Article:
OJ: How do you normally reach a compositional decision?
ER: I follow a musical logic that has already established itself and is beginning to distance itself from my musical intentions. It is important not to forget that composing means working on the acoustic material and recognizing the reception attitudes inherent in that material. It encompasses the understanding of hearing as a multi-layered phenomenon and the recognition of one's own preconditions and attitudes. By this I also mean the comprehension and questioning of one's own perspective, one's own expectation and the demand placed on what is to be heard.
OJ: What is the main source of inspiration in your life? How personal is your music? Does it come from personal or biographical experiences?
ER: Political, social issues. Ideological, philosophical approaches. Insights into alternative scenarios. Books, films ... visionaries, Utopia.
OJ: How do you usually form new musical ideas? Does it come to you before you start composing?
ER: In the light of the issues that are of utmost concern to me, I suddenly come up with something similar to a utopian fantasy, a musical vision. After that there is no escaping, I have to help it to come to fruition, in any way whatsoever. The idea can have something to do with the ensemble for which I am writing. It can be a musical structural idea, it can involve the setting, the place of performance, the auditory scene, etc.
OJ: How does the idea change during the composition process?
ER: Starting from a 'sparkling' idea, I develop new thought provoking systems that explore yet undiscovered contexts. During the composition process, I follow what I believe to be the inherent tendencies of the material towards self-renewal and musically track down spaces that, on the basis of an already familiar yet 'current' musical language, invite one to take on completely foreign perspectives for a few moments. After that, the idea is to abandon my concepts to a certain extent in order to be open for those processes that begin to emerge on the edge of my perception.
OJ: How can you describe your composition process? In which phases could you organize it? Is the process sequential and consistent?
ER: Each piece begins with a captivating idea, an obsession. I am moved, imbued, possessed by it. I read, research, learn, inform myself often for months on a certain topic. What's moreover, the actual composing is preceded by extensive acoustic and structural research on the instruments, in which I subsequently try to fathom musical attractions on a mostly still very abstract level and to connect meaningful contexts. This often results in complex systems, which are then tested and edited in the actual writing process, until they develop a certain life of their own that can steer me mentally into new paths. With the recognition of one's own bias and desires and the related own (and collective) limits begins the work on one's own immense resistances. The whole construct seems completely meaningless and unpromising. At this point the process of composition touches the very foundations of my being and my personal constitution. Here slumbers the core potential of renewal, here begins the work of change.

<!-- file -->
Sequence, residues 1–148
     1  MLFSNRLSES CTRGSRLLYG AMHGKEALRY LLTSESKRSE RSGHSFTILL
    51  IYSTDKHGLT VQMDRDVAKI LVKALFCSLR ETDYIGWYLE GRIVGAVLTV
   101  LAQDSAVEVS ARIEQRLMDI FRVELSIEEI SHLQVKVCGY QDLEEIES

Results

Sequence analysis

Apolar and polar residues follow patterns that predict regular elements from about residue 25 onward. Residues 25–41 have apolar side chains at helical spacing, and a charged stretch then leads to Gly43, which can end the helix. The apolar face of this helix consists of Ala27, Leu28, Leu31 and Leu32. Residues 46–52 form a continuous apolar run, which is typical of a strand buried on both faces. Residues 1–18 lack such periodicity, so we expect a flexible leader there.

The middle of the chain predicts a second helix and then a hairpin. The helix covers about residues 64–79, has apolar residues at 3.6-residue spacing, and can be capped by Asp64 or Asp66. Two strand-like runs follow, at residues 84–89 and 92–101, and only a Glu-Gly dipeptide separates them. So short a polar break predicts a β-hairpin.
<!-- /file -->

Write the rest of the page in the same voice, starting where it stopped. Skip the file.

OJ: What does sketching music mean to you? What influence does it have on the final result?
ER: There exist sketches on different levels. I very often make drawings and plans when it comes to line-up (set-up), positioning, movement in space, choreographic and performative issues. I also make numerous audio recordings of acoustic research on the instrument, which function similarly to sketches and can also be discarded. I make sketches of notations, test the developmental capacity of signs on paper when they are reinvented or re-conceptualized. In some situations it is important to test the inner conceptions of sound, the musical vision in 'probing situations'. Then I check my idea for stability. In some (less frequent) cases, however, it is also better not to get to the bottom of things, but to be surprised by the interpretation of the musicians.
OJ: Is the constructive origin important for your creative process? How do you shape the constructive ideas?
ER: A musical thinking in forms and orders can be formulated as an essential engine of my work in recent years. Starting from a compositional idea, I develop concepts and systems that remain the starting point and, in most cases, the reference point of my reflections. The musical intuition works in me as a corrective to purely mental concepts. It lets me make certain decisions on the basis of a musical instinct, which I can only grasp in my mind in retrospect. My concepts thus develop a certain life of their own that cannot be calculated. They become an instrument on which I can test and experiment. When I compose, there is a great inertia, a great resistance, a blackout with almost every piece at a certain point in time. The further development of the piece is extremely difficult for me at that point. I seem to reach the limits of my cognitive capacity here and then rely more and more blindly on my intuition. In retrospect, however, those phases also reveal the birth of some new tendencies in my work.
OJ: Thank you very much for your time!